Friday, August 16, 2013

Learning math


I learned math as a blind student, with a slate and something called type. The slate was made up of a frame of holes and the type could be used to achieve 16 different positions. When the type was on its right side up, one could create numbers from 1 to 8 and when the type was placed on its wrong side, then the following could be had: 9, 0, plus, minus, multiplication sign, division sign, decimal point, and equals sign.

You could see then that the type had eight distinct sides and in actuality it was a very small entity made of lead. You had to place it in the hole of the frame and this is how figures were generated. The frame consisted of 16 columns and eight rows. A marvelous invention, in my opinion, for a blind person to have learned math to start with.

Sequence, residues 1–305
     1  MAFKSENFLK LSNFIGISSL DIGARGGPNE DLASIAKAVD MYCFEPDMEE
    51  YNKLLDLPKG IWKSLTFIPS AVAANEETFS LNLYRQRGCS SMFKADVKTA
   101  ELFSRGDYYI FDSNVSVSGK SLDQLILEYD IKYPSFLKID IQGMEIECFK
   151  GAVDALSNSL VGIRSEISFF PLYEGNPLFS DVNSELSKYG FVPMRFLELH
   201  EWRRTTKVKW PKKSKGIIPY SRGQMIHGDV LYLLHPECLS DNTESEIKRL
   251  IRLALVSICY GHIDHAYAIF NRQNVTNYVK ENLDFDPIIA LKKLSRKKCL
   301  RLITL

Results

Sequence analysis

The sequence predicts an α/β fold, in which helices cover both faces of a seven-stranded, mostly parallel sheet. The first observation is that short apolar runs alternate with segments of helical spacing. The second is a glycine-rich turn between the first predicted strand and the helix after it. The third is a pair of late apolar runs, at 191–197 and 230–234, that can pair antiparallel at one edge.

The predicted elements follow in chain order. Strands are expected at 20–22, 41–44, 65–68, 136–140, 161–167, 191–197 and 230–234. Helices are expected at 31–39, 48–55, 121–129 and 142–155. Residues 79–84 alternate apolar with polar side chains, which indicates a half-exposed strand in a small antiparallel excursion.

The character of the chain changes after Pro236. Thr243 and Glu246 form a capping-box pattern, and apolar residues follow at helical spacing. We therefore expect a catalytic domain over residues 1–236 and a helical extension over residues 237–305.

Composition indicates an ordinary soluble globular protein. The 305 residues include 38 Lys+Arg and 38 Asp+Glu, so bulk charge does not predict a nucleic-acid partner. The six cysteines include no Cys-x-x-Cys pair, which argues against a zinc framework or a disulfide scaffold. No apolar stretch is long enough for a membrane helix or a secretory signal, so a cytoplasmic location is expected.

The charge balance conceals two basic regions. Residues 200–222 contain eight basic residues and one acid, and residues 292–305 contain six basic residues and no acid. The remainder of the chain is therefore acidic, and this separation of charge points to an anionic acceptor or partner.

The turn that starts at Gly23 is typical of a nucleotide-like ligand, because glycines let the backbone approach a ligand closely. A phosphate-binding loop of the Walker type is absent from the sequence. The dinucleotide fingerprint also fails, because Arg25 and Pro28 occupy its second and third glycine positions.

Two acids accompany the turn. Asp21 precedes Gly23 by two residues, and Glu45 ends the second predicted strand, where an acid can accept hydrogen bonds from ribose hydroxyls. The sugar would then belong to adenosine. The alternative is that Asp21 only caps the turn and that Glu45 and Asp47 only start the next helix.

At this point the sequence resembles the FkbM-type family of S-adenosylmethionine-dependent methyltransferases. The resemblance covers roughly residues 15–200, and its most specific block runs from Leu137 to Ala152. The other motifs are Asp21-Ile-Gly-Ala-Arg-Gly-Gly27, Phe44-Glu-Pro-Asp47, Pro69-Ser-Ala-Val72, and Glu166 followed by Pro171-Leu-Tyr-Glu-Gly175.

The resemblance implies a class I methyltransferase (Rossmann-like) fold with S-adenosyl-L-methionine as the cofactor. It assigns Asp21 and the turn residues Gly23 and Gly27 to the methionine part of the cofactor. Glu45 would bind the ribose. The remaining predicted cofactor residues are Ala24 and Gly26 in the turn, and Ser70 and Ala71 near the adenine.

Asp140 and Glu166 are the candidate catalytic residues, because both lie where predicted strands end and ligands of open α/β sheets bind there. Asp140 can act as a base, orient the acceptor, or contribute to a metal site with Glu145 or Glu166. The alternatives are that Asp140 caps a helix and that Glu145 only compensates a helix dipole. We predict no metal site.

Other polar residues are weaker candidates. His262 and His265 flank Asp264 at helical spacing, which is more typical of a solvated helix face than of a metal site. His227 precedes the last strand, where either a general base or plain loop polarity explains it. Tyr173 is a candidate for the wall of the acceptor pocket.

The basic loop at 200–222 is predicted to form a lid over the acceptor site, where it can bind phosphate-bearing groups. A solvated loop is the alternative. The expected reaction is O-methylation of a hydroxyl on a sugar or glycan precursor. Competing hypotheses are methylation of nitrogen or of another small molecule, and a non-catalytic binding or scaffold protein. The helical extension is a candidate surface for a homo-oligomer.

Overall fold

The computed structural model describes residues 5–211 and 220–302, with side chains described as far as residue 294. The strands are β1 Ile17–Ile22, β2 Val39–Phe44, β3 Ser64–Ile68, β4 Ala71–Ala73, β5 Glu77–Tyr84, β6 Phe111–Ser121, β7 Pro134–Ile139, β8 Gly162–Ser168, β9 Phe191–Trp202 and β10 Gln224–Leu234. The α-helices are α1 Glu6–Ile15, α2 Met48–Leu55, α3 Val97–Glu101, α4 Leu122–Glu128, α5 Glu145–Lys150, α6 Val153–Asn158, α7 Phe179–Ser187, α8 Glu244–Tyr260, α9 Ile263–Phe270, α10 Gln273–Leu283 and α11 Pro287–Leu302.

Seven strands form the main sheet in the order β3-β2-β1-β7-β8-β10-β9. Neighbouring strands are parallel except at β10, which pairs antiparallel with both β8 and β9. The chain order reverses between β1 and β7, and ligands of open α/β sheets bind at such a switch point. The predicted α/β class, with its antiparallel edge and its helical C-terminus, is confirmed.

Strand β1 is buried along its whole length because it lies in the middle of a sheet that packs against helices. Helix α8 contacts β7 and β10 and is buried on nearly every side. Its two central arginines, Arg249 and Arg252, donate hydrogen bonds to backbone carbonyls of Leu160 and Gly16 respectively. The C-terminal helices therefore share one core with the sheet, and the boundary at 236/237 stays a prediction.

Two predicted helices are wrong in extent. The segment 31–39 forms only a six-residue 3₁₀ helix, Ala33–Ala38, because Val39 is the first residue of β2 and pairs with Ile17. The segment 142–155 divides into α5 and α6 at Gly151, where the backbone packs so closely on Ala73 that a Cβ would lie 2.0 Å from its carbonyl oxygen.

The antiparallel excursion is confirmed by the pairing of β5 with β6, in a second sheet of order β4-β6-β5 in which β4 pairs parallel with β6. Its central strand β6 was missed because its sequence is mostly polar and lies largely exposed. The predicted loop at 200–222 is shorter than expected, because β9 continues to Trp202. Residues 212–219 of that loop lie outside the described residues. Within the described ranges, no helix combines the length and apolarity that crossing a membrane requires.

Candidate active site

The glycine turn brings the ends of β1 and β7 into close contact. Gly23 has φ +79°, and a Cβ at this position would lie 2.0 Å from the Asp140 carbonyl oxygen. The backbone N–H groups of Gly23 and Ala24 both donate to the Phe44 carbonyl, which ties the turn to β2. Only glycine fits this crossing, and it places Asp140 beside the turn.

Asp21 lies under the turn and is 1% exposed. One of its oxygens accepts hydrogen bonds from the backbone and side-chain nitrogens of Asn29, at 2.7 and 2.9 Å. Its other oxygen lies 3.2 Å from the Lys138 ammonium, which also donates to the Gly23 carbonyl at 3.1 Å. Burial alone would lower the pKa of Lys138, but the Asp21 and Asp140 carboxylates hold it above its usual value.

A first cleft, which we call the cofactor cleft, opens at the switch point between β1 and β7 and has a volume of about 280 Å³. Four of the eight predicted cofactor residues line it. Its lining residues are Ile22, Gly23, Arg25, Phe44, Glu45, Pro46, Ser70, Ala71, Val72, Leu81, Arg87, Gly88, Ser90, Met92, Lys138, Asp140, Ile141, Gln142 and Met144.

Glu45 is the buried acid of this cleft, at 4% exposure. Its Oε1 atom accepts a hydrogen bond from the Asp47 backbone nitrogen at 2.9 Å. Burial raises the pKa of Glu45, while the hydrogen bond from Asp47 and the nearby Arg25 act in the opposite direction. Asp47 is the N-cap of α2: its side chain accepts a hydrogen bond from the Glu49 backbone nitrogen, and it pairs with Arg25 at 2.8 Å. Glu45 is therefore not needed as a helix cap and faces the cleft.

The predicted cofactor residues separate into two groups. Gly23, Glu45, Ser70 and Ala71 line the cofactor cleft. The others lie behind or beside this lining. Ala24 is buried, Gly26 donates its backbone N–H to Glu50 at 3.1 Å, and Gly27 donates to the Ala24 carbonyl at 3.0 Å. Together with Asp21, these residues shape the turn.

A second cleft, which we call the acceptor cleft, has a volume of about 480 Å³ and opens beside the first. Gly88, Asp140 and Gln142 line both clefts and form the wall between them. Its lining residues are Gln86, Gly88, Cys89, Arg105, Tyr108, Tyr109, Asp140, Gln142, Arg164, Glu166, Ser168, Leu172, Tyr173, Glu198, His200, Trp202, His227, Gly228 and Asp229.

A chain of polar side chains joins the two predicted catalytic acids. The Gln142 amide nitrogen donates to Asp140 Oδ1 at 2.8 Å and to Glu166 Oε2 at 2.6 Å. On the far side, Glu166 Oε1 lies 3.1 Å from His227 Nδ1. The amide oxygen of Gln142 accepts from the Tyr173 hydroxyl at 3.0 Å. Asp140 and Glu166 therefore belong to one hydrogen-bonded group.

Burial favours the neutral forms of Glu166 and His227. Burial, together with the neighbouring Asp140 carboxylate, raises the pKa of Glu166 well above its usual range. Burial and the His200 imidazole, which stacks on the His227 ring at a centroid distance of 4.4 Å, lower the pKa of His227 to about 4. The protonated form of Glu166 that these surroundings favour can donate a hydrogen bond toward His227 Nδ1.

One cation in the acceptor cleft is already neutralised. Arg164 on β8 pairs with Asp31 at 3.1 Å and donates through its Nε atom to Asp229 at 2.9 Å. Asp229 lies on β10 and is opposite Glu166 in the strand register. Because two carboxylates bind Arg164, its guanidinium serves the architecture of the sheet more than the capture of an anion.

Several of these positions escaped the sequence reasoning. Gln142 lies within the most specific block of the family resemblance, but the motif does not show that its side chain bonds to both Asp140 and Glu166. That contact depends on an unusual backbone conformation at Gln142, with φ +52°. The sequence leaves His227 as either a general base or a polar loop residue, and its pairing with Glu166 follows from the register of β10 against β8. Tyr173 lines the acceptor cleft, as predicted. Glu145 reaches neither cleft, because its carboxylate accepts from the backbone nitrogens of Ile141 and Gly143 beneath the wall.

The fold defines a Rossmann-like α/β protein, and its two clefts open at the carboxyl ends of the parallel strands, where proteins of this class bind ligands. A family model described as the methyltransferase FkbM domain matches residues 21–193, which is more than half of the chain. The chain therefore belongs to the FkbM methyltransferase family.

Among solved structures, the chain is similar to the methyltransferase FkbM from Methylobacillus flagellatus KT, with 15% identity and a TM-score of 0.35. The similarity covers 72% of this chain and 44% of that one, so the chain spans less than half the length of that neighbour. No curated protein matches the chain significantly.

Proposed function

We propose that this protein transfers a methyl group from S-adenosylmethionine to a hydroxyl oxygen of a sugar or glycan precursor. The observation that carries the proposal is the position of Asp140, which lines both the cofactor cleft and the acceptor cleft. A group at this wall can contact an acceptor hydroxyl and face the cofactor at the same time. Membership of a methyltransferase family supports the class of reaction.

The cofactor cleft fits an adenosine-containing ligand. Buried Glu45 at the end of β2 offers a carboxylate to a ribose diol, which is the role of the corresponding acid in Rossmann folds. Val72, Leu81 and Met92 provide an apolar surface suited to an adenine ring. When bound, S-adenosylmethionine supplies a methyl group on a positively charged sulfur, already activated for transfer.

Much later on came talking calculators for us blind folks and this is the picture as it stands today. Many students do indeed use Braille to do their math as well. Others use the good old abacus.

I'm Donna J. Jodhan, your friendly accessibility advocate, wishing you a terrific day and inviting you to go out there and tell others about how blind persons learn Math. To learn more about the world of blind persons, visit www.nfb.org.
Follow me on Twitter @accessibleworld and @author_jodhan.

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